Student Stories: How I stopped making excuses and started my study

30-Jun-2016 11:53:21 / by Jennifer Grainger

Jennifer Grainger

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This semester we're following two of our marketing team as they study for their exams in September. Follow them through the semester to hear their advice on studying, using supports, balancing study with work and home life, and why undertaking exams helps them stay at the top of their game.

In our first blog, Jennifer Grainger explains how she took those vital first steps of opening the textbook.

Getting started…it’s tough to do.

My textbook sat patiently on my kitchen table waiting to be opened for well over a week. As for cleaning the table – well, I simply cleaned around it. There it lay, untouched and ignored for ten days. What I was letting it do there, I’m not sure. Settle in? Get acclimatised to the house before I opened it? Oh, the delaying tactics, they were strong.

This wasn’t helping anyone though, least of all me. And since I have started, I feel much more confident about the exam that lies ahead in September. So, in case you too are finding it hard to open the book, let me give you a couple of tips that worked for me.


1. Rip the bandage off. 

Open that textbook

For me this meant a quick and dramatic stop to the delaying tactics (no, I didn’t need to check Instagram one more time) and opening the book. No more excuses, just open that book!

On first opening my textbook, I did three things:

  • Scanned the contents and leafed through each chapter. This allowed me to get a sense of the type of material I’d learn over the comings weeks.
  • Read through chapter one in its entirety. This gave me a good sense of the language used throughout the book and mentally ‘broke the back’ of the chapters ahead.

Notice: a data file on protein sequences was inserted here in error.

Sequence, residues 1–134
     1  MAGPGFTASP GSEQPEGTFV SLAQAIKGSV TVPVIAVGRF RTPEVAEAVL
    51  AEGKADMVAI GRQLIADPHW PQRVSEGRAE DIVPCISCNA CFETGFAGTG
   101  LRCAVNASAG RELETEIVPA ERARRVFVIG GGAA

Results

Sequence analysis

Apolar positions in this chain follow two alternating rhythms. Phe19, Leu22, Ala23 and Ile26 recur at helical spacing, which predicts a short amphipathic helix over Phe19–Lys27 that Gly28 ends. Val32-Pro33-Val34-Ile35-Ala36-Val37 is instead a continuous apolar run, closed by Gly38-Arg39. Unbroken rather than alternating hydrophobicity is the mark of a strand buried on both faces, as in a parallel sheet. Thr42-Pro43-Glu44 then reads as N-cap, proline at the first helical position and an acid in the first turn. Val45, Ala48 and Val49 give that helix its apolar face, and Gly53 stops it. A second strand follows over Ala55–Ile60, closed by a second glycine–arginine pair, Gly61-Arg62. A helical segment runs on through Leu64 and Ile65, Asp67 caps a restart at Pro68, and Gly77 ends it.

• Tried some of the sample multi-choice questions at the end of chapters. I didn’t necessarily get them right, but it helped to get my brain into exam mode again.




2. Study by stealth.

Browse the online learning supports

Once I got through chapter one of the book and felt like I was on my way, I paid the online learning supports a visit. These can be accessed via the Member Area of The Insurance Institute’s website.

I call this ‘study by stealth’ as on my first trip in I simply browsed through content to see what additional study supports appealed to me. I encourage you to do this early in your studies when you can afford to spend some time here and really get a sense of the type of supports available. It’ll pay off in the long run.

The online study supports are an excellent resource and key among them is the learning plan. It breaks down the module topics covered and how they will be examined. Download and print this off. I know I plan on referring to mine often throughout the semester.

Other supports that I find invaluable are the recap webinars and mock exams. And if I don’t feel like lugging my textbook around, I know that I can access it as an e-book here too.

Finally, I booked my place at my face to face lecture. Would I rather spend a Saturday in August doing something else? Let’s face it, yes, but I know from previous experience that these lectures are extremely worthwhile and will greatly increase my chances of a good result in September. I believe the current statistic is that those who attend lectures are 20% more likely to pass. So my advice, clear your diary and do your best to spend a Saturday in August at lectures. (You’d never know, it could be raining that day anyway.)


3. Make a plan

Figure out a study schedule that works for you

I’ve made a plan of days to study and I’m working hard at sticking to it. Currently, Tuesday and Thursday evenings are my study evenings. Even when I don’t feel like studying I push through and do it. Sometimes I might feel too tired to read the book, so I watch a webinar instead. I know it’s not a replacement for the content of the book, but it keeps my study momentum going. I always feel a sense of achievement after I’ve tackled some study after a long day.

Life will get in the way sometimes and my plan does allow for flexibility, but 90% of the time I stick to it. As the weeks draw on, I’ll need to include weekend study time too, but for now that doesn’t work for me. Weekends are family time.




So there you have it, my top three tips for getting started; rip the metaphorical bandage off and just open the book, study by stealth by familiarising yourself with online supports and finally make a study plan and stick to it.

Are these exams tough? Yes. Is it tiring working, juggling family life and making time for study? Yes again. But are insurance exams achievable? Very much so. Just do yourself a favour and dedicate time to it — read your book cover to cover, make use of the online learning supports and attend the day long face to face lecture. It’s not a complicated recipe for success but it does require your time and a bit of dedication.

Right, let me distract you no longer, there’s studying to be done!


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